The musical Tootsie couldn’t have arrived at the Winspear Opera House at a more opportune time. The Texas Senate voted just last week to make performances of the show illegal in a public venue. So run to see the show while drag’s still legal in this state.

But Tootsie isn’t here for politics. When Julie asks Michael why he posed as Dorothy, he says, “I just did it for the work.”

The musical follows the structure of the 1982 hit film even though several major details have been changed. Instead of hearing about an opening on a soap opera, his friend Sandy is trying out for a role in a Broadway musical. Michael, who has just been fired by the director of that musical for being such a perfectionist, becomes Dorothy and lands the part.

Michael does so well during the first rehearsal, they rewrite the script to give Dorothy a bigger role and rename the show Juliet’s Nurse from Juliet’s Curse. Ironically, one this year’s biggest hits on Broadway is & Juliet, which has a similar story as Tootsie’s musical-within-a-musical.

Drew Becker plays Michael/Dorothy. Not only does he have quick costume changes that he pulls off flawlessly, but sings in both his natural register and convincingly and naturally as Dorothy. He even mimics Dustin Hoffman’s slight southern accent when he assumes his female self just enough to give homage to the character, not enough to be distracting.

As roommate Jeff, Jared David Michael Grant is the stable one throughout the chaos. His reactions are perfect. As Act II opens, he and Michael are sitting in their living room, staring at the audience. You know there’s going to be a sly comment but Grant makes you wait for it. Then be makes you wait a little longer before he says, “Let’s recap,” and bursts into “Jeff Sums It Up,” a hilarious song does exactly what the title says in a perfect welcome to the second act.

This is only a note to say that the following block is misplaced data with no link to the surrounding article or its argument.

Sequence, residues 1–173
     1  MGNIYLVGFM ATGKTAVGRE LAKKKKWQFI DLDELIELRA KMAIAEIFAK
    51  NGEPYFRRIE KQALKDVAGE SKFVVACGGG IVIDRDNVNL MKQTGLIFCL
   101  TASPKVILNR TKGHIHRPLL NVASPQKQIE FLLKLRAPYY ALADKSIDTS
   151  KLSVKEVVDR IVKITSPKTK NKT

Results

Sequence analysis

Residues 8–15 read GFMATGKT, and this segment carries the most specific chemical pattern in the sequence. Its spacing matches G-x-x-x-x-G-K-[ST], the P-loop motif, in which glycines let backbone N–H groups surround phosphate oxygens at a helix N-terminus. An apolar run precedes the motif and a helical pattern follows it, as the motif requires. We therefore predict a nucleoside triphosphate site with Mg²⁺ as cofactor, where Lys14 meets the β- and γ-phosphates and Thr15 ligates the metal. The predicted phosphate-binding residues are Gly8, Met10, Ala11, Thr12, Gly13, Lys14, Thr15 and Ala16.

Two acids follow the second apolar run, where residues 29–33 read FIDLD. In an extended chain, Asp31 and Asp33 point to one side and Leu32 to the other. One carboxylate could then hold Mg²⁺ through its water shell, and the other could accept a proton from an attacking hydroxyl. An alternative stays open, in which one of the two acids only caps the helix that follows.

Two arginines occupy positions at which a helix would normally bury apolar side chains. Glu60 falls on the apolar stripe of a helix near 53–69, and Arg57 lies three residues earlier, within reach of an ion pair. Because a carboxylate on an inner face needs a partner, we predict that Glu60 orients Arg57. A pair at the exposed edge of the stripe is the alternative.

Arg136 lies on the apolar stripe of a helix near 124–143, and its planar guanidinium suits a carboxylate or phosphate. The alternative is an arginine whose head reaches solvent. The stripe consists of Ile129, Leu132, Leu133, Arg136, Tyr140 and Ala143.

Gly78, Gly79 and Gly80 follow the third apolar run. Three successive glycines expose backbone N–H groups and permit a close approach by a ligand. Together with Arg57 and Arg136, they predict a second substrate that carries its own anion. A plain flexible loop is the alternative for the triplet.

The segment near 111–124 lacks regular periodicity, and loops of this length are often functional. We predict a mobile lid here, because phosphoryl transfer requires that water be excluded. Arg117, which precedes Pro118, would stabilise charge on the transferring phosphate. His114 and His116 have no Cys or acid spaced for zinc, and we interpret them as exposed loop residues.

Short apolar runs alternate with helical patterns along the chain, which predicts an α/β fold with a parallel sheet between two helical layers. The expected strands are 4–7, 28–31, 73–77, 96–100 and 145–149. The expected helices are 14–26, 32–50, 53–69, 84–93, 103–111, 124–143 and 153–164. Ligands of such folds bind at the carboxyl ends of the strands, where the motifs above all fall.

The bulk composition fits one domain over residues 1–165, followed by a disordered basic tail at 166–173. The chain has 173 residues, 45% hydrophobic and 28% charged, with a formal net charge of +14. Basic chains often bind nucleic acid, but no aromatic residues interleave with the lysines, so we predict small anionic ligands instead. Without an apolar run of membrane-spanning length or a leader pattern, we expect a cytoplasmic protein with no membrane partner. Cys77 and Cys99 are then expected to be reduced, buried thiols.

Payton Reilly as ex-girlfriend-trying-to be-best-friend Sandy is the third character taken directly from the film. She infuses her own brand of mania into the role played on screen by Teri Garr. She’s over-the-top, but in the end, has a more satisfying resolution to her story than in the film.

Ashley Alexandra as Julie plays Juliet in the musical within a musical with comic delight and Julie, who’s surprised by Dorothy’s kiss, with pathos.

While Tootsie is one of my favorite all-time films, the stage version is actually gayer — and that’s a good thing. Rather than the male love interest being Julie’s father as in the film, Romeo’s brother in Juliet’s Nurse is young, hot (especially in his own mind) and inexplicably drawn to the older Dorothy. But he’s straight, right? But there’s something just drawing him to Michael, I mean Dorothy.

Another character is the director who is ambiguously gay. He has an assortment of past wives and girlfriends but is as straight as — and resembles — Paul Lynde. And his choreographic direction — screw in the light bulb, screw in the light bulb, bunny ears, bunny ears — is a great send-up of overdone Bob Fosse routines.

While Tootsie isn’t a great musical, it’s certainly very good. The evening is a lot of fun and worth a trip to the Winspear, especially to honor one of the great drag roles that is completely non-offensive. And, yes, there were teens in the audience with their parents who stood for the ovation for Becker. Drag in Tootsie was just fun to watch and entertaining and the young people in the audience enjoyed it — drag and all.

— David Taffet